Dubai’s residential real estate market has completed an entire cycle of decline, recovery and decline in the last 10 years, according to a new report from UAE property services firm Core Savills
As other cities continue to gradually recover from the effects of the global financial crisis, Dubai is in a “unique” position, having swiftly recovered between 2011 and 2014, before declining again over the course of 2015, 2016 and 2017.
Core Savills, in its report 'Impacts: the future of global real estate', attributes Dubai’s distinct rental wave to significant fiscal stimulus from the government which kick-started growth, fuelled job creation and drove up demand for rental property, as well as the subsequent decrease in oil prices which results in job losses and contraction of domestic demand.
“Given that Dubai continues to be a fast-growing economy, largely reliant on expatriate tenant demand that has historically been responsive to Dubai’s economic fluctuations, the speed with which the city traversed its rental cycle is not surprising,” said Core Savills CEO David Godchaux.
“As the UAE sees further economic diversification and private sector-led growth, Dubai’s rental cycle is likely to decelerate and lengthen.”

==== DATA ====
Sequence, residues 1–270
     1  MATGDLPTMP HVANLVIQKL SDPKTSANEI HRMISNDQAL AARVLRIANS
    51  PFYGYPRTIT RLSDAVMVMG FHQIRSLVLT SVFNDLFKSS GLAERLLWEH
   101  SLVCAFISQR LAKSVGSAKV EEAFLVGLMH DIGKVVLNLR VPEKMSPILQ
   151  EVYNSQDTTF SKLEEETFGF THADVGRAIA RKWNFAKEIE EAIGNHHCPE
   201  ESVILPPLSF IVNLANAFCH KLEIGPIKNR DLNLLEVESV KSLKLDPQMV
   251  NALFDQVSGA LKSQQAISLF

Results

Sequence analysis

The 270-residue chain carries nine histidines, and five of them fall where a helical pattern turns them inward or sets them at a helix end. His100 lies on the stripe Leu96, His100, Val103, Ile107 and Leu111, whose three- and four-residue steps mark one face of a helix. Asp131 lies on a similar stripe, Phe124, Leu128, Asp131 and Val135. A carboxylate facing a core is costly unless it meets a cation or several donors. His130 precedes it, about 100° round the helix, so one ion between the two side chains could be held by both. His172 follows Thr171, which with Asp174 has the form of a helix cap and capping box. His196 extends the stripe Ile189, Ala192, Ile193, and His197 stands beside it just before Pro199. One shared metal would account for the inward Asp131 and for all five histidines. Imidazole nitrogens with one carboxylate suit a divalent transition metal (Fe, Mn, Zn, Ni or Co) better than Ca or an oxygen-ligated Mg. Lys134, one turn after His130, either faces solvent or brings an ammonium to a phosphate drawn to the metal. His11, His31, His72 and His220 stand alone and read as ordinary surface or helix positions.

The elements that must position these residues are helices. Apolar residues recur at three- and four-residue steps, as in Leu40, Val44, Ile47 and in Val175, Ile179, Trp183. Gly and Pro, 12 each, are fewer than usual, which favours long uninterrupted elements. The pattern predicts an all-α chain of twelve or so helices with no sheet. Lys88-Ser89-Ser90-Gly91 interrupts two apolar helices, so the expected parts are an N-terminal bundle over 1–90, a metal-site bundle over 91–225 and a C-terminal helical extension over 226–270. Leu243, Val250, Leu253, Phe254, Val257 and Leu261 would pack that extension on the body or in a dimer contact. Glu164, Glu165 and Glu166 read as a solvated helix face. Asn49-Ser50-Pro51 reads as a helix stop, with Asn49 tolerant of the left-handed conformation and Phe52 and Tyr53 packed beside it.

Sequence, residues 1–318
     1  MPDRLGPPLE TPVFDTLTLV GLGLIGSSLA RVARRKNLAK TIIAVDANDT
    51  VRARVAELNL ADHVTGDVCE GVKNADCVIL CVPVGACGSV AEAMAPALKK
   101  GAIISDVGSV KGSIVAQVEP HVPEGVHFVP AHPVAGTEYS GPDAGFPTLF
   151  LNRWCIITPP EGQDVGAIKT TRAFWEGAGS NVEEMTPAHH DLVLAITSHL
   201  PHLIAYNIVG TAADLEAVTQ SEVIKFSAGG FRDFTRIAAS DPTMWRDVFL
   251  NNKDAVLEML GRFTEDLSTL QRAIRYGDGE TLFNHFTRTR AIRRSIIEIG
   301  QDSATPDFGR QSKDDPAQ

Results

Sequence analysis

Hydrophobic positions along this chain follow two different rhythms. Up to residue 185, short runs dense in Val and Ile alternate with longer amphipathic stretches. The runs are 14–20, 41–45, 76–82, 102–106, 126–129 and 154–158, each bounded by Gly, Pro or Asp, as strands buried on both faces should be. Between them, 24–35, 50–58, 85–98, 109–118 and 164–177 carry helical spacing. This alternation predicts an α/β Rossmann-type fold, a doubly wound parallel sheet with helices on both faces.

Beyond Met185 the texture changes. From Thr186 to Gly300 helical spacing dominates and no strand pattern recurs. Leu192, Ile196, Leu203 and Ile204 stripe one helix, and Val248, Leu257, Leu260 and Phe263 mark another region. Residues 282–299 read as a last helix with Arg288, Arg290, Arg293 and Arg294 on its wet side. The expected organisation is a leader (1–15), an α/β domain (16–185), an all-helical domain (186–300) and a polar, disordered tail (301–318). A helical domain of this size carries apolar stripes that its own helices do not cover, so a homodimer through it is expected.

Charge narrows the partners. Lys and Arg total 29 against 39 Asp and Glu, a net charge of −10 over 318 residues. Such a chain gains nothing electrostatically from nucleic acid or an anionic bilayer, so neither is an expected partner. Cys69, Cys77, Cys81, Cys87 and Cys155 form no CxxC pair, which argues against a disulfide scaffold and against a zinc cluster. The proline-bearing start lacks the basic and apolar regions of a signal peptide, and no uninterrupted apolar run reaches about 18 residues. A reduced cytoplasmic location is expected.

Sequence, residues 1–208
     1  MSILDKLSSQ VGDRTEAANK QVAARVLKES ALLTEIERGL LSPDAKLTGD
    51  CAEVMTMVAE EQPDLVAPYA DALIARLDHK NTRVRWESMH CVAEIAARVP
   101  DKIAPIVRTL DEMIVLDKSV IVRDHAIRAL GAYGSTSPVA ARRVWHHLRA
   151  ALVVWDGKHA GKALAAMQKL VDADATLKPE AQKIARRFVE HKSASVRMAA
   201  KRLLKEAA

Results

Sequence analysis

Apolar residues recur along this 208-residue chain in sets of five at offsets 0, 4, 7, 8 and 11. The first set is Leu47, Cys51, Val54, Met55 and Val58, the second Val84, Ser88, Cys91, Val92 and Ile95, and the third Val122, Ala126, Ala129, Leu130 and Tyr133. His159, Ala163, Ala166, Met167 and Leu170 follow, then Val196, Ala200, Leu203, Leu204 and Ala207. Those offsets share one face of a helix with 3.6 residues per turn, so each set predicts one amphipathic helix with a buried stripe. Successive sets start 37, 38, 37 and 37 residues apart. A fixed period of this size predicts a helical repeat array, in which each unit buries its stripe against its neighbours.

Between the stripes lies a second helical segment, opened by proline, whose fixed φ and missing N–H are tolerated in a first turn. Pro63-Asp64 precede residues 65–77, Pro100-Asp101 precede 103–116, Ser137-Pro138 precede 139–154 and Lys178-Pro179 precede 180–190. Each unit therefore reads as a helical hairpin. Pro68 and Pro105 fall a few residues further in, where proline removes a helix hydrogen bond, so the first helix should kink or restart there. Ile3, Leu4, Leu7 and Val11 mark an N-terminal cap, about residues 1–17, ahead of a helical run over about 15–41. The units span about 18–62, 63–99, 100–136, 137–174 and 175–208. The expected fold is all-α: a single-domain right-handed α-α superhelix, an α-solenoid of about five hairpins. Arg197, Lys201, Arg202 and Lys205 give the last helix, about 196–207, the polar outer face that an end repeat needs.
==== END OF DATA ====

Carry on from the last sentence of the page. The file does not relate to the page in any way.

According to Core Savills, the prime residential market which began to soften in late 2014 has more room to contract, as demand for prime residential subsides from ultra-high net worth individuals (UHNIs) and C-suite occupiers, while new offerings in the upper and mid-prime segment dilute demand.
However, the report notes that, with capital values softening, some products in this segment still hold stable yield values.
Additionally, the report notes that with relatively slower falls in rentals in core mainstream locations over the last several quarters, the segment is expected to be sluggish moving towards the bottom. Gross yields continue to be above 8 percent for apartments across mainstream markets, with yield compression expected because of further rental decreases.
Core Savills expects rents to continue softening as the next cycle of lease renewals causes a wave of relocations, particularly among tenants whose rents do not yet reflect the softening market.
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